that character is on the terrain, so they can just find the nearest tris to the player, and render
them with a blurry version of the character. Halo 1 & 2, HL2 do this. And I think this is
absolutely the right thing to do for these games. If you are trying to do realistic lighting,
though, this doesn't cut it. It also only works for objects or characters, and not for large chunks
of world geometry.
One of the problems with shadowing world geometry is the shadow resolution problem. I was using sunlight or moonlight as the main light in my game so the entire level would need to cast shadows into the shadow map. Now, not the whole level is visible, so I could restrict it to the nearby geometry chunks to improve shadow resolution. It turned out to be very hard to tell which chunks could possibly cast a shadow in view, b/c I have no occlusion structure, so if you simply extend each chunks' bounding box in a frustum away from a directional light, you will find that the entire level does need to be rendered into the shadow map due to shadows casting an infinite distance below the floor. I don't think I solved this for real, but worked on getting the shadowing itself looking ok before tackling this one. I think the upshot of this would have made the lights in my game immobile, therefore making real-time shadow maps a poor choice.
When rendering into the shadow map, you do it from the light's perspective. When testing against the shadow map, you do it from the light's perspective as well, but from the camera's different resolution and orientation. What this means is that a 100 pixel triangle from the viewer's POV may map to a 25 pixel triangle from the light's POV. This causes blocky shadows. Or the 100 pixel triangle may correspond to a 400 pixel triangle. This causes shadow popping & crawling. Both cause bias problems, because the depth calculated won't match between the viewer and the light.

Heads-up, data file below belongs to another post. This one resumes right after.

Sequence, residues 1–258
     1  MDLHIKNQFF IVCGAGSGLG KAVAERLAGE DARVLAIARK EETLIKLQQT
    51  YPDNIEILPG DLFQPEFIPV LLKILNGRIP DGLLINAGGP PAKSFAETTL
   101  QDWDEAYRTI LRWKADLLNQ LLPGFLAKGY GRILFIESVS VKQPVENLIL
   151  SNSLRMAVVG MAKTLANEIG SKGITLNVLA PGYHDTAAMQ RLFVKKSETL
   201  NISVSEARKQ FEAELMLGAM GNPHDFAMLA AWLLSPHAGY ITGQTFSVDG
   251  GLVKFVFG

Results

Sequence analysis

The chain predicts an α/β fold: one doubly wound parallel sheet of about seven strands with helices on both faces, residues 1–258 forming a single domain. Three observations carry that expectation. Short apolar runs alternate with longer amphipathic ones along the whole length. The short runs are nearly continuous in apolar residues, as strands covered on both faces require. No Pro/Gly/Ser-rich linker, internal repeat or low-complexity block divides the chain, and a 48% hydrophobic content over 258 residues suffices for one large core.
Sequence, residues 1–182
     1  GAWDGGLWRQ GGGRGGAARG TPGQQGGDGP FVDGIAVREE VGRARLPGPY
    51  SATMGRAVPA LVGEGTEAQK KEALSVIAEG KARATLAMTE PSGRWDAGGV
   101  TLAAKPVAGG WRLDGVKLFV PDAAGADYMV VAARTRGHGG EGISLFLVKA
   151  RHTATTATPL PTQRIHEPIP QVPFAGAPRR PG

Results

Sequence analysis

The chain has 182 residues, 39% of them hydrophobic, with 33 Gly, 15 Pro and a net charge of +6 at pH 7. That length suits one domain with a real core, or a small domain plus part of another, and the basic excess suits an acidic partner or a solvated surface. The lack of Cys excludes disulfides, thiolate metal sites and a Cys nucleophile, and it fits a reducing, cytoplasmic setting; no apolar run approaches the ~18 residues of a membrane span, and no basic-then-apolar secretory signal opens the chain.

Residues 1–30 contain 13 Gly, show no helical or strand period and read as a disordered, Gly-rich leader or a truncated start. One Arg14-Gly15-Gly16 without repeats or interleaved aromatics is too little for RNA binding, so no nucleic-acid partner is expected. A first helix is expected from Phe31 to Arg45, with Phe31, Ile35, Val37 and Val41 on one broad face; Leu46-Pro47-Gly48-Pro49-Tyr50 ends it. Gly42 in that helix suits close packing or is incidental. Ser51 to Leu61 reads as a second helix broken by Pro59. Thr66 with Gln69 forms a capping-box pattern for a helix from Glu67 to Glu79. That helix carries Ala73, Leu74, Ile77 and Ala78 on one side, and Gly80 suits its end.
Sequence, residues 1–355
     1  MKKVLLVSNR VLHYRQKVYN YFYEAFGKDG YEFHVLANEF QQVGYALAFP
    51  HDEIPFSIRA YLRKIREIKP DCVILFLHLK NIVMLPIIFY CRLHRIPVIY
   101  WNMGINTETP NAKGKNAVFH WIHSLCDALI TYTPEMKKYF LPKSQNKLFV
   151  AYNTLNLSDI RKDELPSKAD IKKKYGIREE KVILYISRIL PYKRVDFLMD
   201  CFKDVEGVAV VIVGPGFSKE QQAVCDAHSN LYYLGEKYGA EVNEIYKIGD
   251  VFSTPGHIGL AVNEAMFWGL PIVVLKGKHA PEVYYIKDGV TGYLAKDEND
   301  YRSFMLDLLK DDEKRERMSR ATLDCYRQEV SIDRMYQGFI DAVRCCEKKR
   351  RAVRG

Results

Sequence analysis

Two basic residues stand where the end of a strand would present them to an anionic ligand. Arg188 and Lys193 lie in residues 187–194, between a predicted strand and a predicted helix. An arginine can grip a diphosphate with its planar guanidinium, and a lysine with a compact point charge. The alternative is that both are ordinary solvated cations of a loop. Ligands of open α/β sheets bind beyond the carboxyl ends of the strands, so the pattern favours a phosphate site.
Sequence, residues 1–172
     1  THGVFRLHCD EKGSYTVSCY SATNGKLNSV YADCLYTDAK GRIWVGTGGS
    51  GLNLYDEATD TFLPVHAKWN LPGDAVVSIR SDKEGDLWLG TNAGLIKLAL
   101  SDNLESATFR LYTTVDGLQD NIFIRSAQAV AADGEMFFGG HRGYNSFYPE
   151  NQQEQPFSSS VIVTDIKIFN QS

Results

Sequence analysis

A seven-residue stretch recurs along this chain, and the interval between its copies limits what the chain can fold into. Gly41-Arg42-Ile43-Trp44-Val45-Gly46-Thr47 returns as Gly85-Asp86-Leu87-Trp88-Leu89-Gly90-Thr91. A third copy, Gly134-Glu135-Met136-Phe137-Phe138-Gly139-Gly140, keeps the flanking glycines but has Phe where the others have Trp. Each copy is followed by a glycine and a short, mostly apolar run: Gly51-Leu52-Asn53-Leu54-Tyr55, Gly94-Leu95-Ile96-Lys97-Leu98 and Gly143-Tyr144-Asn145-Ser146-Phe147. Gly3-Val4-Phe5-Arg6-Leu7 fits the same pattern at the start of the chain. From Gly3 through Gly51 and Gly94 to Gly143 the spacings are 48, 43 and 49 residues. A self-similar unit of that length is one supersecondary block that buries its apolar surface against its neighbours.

This is due to the simple fact of interpolation.
Light's depth values 0.20 0.40 0.60
camera's depth values 0.21 0.41,0.61
Even assuming the slope is identical, if the pixel from the camera and light don't start on exactly the same value, they will neve exactly match, even if the slopes are the same. More common is a situation like :
Light's depth values 0.2 0.4 0.6
camera's depth values 0.2 0.300001, 0.4, 0.500001, 0.61
Just interpolating between depth values and calculating intermediate values will produce different results due to floating point error, so there is always some bias required to prevent horrendous self-shadowing artifacts. This applies to x & y values in addition to depth values.
This resolution mis-match fundamentally is what all of the perspective shadow map variants attempt to address. They use the camera's POV to warp the projection plane of the shadow map so that the parts near the viewer get more shadow resolution, and the parts distant from the camera get less, hopefully preserving the 1:1 pixel to texel ratio needed to reduce these problems. Often, however, these schemes end up sacrificing z precision to improve x & y precision, which can make bias problems worse.
Bias problems fall in to two main categories - shadow leaks and light leaks. Shadow leaks are not such a big deal, b/c often they happen in places that are dark anyway. Where they are a huge problem is on a large flat surface. Light leaks can happen at a wall-floor junction, that otherwise would be shadowed. You can get a nice line of light along the wall bottom, which is very distracting.
Here is a shot of the per-character dynamic shadows I was using a couple of months ago. These are my own variant of shadow maps for characters that works well on GF3 hw.